Superintendent Encourages Lawmakers to Invest in Youth Tobacco Prevention
Posted: November 19, 1999
In an opinion article mailed today to newspapers throughout West Virginia, State Superintendent Dr. Henry Marockie encourages legislators to use funds from the tobacco settlement to prevent and reduce teen tobacco use:
Lawmakers in West Virginia are in a critical position to take immediate action to guarantee that millions of youngsters avoid early death from heart disease and chronic lung disease.
That's the decision our state legislature faces this year as its members debate how to spend 1.7 billion dollars that our state will receive over the next 25 years in the settlement between the state and the tobacco industry.
The new Life Skills Training program that started this fall in all West Virginia middle schools is a vitally important component in tobacco prevention and it has been proven very effective in reducing tobacco use, but curriculum is only one piece in a comprehensive tobacco control program. School and community efforts must also be directed toward other aspects of tobacco use prevention such as counter-marketing, community programs, cessation programs, youth programs, and accountability and evaluation.
The settlement funds give our state a unique opportunity to combat this epidemic without having to raise taxes or cut back on other spending priorities. All of the money is coming from the tobacco companies. It is rare, if not unprecedented, when legislators have such an opportunity.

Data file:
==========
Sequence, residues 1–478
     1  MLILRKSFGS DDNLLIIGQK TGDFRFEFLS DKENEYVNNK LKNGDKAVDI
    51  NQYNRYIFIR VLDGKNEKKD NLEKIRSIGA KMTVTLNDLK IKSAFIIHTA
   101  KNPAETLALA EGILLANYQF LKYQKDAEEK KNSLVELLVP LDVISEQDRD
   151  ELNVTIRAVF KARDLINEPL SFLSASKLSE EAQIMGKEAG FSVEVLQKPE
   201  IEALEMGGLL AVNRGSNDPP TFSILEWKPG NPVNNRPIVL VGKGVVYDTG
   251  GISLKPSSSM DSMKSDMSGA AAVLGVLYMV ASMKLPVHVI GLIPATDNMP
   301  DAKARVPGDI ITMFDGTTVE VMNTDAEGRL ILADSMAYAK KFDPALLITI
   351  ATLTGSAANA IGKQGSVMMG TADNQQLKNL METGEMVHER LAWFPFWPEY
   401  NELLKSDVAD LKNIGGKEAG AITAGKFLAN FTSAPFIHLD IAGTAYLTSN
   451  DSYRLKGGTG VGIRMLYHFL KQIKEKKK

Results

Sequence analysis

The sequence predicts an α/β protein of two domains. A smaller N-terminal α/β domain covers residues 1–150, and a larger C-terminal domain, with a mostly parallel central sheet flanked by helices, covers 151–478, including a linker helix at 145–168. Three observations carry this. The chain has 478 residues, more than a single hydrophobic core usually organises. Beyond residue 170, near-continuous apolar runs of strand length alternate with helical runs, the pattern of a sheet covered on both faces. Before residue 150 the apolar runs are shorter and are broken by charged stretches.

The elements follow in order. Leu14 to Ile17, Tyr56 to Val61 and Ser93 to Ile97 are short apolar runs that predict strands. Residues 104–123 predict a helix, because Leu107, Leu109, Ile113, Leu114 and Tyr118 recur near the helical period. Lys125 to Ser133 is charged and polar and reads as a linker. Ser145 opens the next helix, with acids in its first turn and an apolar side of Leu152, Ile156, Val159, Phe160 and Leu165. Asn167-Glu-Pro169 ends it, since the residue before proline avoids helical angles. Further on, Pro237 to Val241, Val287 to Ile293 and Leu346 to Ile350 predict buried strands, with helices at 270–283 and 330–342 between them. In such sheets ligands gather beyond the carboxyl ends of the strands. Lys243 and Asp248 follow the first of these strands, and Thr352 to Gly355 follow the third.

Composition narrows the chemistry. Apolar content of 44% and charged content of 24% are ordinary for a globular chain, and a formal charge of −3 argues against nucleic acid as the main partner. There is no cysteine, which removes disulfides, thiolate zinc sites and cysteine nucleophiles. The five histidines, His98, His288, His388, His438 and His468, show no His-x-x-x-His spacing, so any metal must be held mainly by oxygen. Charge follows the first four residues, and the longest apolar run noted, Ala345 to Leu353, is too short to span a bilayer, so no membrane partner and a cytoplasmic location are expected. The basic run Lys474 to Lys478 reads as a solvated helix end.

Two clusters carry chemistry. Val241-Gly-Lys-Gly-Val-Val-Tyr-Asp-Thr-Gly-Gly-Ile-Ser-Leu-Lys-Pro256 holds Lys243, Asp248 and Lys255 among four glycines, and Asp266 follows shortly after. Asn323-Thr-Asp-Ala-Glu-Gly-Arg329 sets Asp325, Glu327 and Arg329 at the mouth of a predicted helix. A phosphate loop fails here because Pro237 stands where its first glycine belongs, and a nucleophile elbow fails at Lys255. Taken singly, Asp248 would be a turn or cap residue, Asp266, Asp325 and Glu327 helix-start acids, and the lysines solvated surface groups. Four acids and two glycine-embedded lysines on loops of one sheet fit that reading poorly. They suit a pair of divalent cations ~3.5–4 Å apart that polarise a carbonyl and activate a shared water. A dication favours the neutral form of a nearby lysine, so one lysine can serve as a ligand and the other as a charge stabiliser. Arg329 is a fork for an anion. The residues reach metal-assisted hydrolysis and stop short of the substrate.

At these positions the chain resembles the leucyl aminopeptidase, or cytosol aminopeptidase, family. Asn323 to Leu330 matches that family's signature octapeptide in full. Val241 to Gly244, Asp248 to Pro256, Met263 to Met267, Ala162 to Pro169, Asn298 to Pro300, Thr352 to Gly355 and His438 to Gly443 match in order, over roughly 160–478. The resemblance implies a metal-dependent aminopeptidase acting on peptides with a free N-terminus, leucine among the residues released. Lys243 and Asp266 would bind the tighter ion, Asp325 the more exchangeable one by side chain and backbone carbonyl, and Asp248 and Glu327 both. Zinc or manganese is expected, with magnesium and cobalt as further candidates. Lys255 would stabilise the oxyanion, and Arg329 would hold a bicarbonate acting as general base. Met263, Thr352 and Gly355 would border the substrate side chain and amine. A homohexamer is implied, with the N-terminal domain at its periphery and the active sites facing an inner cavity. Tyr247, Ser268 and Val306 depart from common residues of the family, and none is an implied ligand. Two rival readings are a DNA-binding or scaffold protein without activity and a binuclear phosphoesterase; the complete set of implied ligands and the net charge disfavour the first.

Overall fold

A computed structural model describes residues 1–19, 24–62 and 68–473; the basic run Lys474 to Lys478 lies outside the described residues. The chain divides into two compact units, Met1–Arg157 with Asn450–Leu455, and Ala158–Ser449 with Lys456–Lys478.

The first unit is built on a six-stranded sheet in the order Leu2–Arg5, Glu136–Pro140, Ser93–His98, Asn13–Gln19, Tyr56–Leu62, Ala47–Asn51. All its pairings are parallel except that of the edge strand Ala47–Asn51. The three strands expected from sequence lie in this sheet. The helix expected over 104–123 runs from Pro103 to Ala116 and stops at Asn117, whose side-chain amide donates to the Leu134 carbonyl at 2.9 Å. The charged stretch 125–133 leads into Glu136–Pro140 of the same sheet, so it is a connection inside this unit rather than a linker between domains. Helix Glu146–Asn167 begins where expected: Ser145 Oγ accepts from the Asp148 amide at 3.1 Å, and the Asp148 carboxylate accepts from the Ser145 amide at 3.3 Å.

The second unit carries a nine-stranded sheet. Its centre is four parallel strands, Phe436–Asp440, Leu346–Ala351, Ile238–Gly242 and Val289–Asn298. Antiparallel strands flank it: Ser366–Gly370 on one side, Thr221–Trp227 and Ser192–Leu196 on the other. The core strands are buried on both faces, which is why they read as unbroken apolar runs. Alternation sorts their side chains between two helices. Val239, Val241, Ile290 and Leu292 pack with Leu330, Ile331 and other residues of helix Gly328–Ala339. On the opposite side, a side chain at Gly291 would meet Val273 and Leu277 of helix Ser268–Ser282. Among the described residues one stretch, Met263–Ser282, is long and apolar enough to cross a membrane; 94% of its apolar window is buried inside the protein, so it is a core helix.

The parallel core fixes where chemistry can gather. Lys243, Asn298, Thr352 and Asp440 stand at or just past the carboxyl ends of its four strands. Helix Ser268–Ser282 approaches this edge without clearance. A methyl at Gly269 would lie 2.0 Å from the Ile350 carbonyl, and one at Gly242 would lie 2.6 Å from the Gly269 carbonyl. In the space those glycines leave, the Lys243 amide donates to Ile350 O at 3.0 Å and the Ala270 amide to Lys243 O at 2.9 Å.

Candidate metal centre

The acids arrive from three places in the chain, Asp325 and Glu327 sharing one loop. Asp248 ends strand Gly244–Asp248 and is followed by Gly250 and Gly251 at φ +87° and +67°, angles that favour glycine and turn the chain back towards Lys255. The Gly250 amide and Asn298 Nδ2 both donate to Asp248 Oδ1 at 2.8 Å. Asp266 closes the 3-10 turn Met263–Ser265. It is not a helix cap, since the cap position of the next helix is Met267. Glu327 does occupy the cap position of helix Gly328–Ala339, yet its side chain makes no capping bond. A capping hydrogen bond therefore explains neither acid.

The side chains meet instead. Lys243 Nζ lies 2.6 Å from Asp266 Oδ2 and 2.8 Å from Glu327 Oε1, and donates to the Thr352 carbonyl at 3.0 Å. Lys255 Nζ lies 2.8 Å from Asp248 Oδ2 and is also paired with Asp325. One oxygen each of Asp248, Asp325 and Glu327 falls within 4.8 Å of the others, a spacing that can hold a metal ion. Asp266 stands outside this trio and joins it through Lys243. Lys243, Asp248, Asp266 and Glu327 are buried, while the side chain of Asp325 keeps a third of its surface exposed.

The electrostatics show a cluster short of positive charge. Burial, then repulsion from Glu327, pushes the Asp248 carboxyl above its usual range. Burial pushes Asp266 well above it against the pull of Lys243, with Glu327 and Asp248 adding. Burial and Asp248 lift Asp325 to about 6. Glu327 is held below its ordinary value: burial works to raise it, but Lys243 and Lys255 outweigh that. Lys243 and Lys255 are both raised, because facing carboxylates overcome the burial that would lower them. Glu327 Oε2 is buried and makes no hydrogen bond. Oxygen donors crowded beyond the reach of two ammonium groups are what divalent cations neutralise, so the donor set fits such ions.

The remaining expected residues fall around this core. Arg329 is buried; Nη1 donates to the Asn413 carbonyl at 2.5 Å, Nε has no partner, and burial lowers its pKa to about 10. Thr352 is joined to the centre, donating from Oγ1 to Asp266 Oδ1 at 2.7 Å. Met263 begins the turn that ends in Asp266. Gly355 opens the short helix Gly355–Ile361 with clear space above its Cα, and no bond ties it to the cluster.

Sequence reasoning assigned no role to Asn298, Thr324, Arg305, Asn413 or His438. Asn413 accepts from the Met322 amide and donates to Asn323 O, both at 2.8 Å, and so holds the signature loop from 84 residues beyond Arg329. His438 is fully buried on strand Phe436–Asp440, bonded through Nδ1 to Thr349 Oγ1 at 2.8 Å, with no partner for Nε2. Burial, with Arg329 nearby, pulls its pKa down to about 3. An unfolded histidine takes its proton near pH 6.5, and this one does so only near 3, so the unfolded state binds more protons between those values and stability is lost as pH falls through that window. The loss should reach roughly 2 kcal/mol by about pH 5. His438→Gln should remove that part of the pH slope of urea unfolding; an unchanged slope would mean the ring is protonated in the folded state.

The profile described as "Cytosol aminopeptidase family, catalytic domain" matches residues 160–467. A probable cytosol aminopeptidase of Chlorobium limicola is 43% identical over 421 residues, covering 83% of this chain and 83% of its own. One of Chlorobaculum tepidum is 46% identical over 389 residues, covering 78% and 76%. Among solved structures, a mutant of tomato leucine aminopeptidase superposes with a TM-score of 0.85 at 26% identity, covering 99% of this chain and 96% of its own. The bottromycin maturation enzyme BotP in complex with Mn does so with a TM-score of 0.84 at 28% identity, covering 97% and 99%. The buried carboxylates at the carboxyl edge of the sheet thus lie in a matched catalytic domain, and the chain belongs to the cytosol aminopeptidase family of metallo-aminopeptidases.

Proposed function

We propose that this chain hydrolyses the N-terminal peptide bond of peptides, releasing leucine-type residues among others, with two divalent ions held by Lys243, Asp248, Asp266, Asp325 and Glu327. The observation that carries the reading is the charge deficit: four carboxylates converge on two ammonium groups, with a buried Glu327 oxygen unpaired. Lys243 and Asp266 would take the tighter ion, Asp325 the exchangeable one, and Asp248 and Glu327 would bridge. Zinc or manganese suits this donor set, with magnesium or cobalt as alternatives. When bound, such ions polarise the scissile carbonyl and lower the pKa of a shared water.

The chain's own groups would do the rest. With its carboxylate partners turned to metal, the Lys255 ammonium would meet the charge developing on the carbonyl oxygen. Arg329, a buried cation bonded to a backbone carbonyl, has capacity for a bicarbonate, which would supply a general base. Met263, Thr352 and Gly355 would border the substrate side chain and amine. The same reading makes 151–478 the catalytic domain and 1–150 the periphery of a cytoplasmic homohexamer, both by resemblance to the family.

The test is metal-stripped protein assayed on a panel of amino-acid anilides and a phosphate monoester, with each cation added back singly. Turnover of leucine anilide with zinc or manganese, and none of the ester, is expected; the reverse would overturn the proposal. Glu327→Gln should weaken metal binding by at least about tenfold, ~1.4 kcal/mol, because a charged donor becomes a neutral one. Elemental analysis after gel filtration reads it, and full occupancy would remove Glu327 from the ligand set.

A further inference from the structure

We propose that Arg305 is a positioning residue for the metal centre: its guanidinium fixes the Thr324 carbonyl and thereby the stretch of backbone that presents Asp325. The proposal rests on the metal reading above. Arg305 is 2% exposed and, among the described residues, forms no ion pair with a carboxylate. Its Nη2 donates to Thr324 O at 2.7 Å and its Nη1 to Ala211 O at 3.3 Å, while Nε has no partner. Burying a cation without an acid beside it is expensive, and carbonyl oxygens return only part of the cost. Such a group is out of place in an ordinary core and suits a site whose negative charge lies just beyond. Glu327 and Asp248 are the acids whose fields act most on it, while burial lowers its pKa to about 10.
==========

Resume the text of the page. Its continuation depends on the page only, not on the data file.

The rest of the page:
West Virginia sued the tobacco industry because we are spending billions of dollars caring for sick and dying smokers and other tobacco users. Since the majority of those sick smokers became addicted to cigarettes and smokeless tobacco when they were teenagers, it makes sense to spend some of the money to save the current generation of teenagers from a similar fate.
The tobacco industry's marketing efforts are extremely effective. Approximately 85% of youth who smoke prefer the three most heavily-advertised brands. Consequently, the percentage of young people who smoke is alarmingly high and more than 3,000 youngsters in the United States become regular smokers everyday. In West Virginia alone, 8,000 children become regular smokers every year, and if nothing is done to reverse the current trends, as many as 20,000 adolescents alive in West Virginia today will die prematurely from tobacco-related causes.
While other issues are also important, there is no better investment West Virginia can make to save lives, improve public health, and save money than using an adequate portion of the tobacco settlement funds to prevent and reduce tobacco use in the state. The money that would be spent now for our youngsters would be put to good use as they become healthy adults. Perhaps, it will mean our children will be around to enjoy the bright futures they so well deserve.